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DOWNRIGHT TRICKY!

New York Times, Sunday, June 29, 2014

Author: Byron Walden
Editor: Will Shortz
Byron Walden
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8211/23/20017/16/201611
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701192557
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1.58321

This puzzle:

Rows: 21, Columns: 22 Words: 141, Blocks: 76 Missing: {JQ} This is puzzle # 72 for Mr. Walden. NYT links: Across Lite PDF
Byron Walden notes: This puzzle had two distinct geneses. The first was CHIVALRY IS DEAD, which I had liked as a potential entry for, oh, 7 or 8 years. 14-letter entries can sit on the shelf a long time. At some point, much more recently, ... more
Byron Walden notes: This puzzle had two distinct geneses. The first was CHIVALRY IS DEAD, which I had liked as a potential entry for, oh, 7 or 8 years. 14-letter entries can sit on the shelf a long time. At some point, much more recently, CONSIDER IT DONE caught my eye as another nice 14, and I thought of pairing it with CHIVALRY IS DEAD in a themeless. I think I actually started a grid and then noticed the C.I.D. connection.

The other thing I had in mind for quite some while was that feeling you get solving. You know something is wrong, and then you realize "Oh, it's a rebus!" and then everything starts working properly. I wanted to construct a puzzle where that has to happen twice — first when you think it's a rebus, and then when you realize it isn't. There would have to be a way that the themers were too long to fit, but then ended up somewhere else.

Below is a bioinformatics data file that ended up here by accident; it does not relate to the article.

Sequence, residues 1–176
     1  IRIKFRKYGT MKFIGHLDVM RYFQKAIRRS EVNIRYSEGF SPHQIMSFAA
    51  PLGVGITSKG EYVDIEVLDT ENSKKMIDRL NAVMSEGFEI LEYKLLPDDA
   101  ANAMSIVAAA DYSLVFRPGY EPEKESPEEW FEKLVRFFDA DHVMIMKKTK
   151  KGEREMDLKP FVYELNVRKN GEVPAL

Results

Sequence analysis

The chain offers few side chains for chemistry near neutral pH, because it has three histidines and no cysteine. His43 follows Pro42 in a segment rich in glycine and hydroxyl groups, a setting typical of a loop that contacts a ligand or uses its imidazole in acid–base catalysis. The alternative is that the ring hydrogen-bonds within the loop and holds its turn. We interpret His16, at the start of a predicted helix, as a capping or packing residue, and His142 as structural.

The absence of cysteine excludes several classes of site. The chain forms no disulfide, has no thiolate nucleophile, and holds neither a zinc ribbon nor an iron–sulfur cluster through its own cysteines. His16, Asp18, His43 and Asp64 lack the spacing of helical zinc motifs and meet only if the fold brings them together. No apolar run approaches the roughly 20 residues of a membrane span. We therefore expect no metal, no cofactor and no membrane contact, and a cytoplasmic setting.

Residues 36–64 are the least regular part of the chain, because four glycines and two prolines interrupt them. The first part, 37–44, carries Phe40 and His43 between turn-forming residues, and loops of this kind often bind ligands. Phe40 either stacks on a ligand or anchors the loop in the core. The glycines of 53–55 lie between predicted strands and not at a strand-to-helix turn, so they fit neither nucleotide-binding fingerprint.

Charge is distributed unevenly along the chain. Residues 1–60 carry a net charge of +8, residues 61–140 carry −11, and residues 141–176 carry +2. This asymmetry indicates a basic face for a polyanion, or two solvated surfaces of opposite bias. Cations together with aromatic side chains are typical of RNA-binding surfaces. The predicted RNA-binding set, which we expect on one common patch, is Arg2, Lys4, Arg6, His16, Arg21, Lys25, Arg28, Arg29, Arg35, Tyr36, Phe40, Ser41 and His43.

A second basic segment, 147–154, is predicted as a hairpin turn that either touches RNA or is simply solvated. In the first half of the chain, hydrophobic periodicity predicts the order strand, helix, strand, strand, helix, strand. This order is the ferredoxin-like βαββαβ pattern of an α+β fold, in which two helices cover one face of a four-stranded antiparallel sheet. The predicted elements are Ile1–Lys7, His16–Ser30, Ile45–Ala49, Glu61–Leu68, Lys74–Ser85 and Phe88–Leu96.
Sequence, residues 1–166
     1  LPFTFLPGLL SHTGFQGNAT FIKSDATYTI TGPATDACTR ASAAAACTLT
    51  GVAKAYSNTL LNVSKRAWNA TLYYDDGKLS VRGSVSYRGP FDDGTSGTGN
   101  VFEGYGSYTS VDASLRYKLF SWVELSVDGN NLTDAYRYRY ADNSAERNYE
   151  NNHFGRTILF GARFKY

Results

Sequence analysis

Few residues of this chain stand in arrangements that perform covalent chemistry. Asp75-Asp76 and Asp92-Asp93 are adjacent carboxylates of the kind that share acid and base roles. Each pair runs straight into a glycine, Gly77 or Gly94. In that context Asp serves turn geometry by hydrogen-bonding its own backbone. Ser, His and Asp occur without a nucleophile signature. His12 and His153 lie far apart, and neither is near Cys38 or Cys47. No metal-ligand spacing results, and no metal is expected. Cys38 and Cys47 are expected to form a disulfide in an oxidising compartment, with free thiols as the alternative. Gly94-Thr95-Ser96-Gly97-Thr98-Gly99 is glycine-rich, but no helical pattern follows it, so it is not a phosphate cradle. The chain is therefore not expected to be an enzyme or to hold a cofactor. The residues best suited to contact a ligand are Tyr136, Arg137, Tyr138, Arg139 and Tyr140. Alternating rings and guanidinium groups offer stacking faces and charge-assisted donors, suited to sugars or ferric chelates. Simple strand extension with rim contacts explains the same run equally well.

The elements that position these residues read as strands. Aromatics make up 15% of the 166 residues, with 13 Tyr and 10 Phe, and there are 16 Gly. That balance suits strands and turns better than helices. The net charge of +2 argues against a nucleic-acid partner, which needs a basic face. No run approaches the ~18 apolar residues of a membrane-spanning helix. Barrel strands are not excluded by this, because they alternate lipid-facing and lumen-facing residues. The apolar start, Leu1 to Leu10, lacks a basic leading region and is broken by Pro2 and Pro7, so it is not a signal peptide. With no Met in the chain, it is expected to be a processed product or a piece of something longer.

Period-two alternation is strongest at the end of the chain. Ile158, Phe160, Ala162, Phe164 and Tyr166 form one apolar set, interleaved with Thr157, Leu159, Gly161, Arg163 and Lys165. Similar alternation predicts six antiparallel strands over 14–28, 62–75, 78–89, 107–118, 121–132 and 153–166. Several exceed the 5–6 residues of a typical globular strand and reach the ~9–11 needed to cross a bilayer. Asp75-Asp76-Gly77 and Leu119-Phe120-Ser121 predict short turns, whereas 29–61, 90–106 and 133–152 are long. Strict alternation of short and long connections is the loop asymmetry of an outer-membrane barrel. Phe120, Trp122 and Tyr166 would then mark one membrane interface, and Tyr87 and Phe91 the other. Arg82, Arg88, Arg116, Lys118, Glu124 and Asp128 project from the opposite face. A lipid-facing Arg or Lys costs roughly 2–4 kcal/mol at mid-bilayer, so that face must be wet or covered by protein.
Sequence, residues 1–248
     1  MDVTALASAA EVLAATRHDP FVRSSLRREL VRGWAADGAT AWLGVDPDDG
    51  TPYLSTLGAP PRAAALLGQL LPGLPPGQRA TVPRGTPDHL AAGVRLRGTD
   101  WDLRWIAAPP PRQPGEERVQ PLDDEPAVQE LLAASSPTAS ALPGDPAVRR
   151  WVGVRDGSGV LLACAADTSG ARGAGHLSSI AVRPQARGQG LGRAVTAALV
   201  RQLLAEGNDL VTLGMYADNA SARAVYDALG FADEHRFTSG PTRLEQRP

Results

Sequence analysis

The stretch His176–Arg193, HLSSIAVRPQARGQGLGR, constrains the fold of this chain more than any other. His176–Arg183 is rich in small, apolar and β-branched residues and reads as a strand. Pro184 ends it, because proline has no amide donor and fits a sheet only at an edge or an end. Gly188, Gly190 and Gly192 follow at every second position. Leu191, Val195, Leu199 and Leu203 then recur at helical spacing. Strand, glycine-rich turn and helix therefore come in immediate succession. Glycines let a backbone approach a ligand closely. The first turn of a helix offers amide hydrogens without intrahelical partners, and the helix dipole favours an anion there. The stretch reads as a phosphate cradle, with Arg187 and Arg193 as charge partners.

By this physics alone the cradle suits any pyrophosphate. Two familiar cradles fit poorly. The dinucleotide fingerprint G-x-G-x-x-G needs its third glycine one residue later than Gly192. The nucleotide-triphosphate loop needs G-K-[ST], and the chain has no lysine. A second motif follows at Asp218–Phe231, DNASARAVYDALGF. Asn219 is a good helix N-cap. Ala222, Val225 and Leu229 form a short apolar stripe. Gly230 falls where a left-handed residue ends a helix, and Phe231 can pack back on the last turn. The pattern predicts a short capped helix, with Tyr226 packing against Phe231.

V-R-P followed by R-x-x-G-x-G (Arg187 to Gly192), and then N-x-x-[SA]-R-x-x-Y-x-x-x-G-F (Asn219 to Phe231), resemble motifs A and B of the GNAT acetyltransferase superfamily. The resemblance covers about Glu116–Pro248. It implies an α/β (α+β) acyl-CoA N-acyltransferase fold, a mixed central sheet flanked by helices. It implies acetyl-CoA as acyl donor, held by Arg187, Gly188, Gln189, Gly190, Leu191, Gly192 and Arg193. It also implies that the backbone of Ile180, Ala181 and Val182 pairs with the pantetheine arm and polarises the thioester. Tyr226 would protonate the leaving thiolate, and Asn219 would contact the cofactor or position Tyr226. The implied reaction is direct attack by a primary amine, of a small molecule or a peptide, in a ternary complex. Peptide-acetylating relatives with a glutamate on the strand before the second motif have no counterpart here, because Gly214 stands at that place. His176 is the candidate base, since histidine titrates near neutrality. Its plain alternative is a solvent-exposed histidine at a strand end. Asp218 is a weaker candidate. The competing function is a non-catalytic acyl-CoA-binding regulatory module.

So when the CID part jumped out at me, a bunch of things came together at once. CID and CHIVALRY IS DEAD both got me thinking of knights. And the knight in chess moves like an L, ... "L" CID ... and hence the puzzle. My original title was "Knight Moves," which Matt Gaffney later used for a different gimmick, so I suggested to Will to change it to "Knight Shift." Will's title is probably a clearer hint ... hope you all remembered to look at the title before you started.

I lit onto MADE A DECISION pretty early on, to disguise the DEAD part. Then when I realized that I'VE MADE A DECISION could go in the middle and allow for symmetric placement of my two theme seed entries, I had my basic structure. I was lucky enough to hang a few more L's off the center entry and get some pretty complicated interlock to work out. The roughest section to fill was that little knot around HSIA/AAAA/EVIE. A lot of not-greatness there, but I could live with it. A special THANK U to Alanis, without whom I would have had to rip up the whole thing.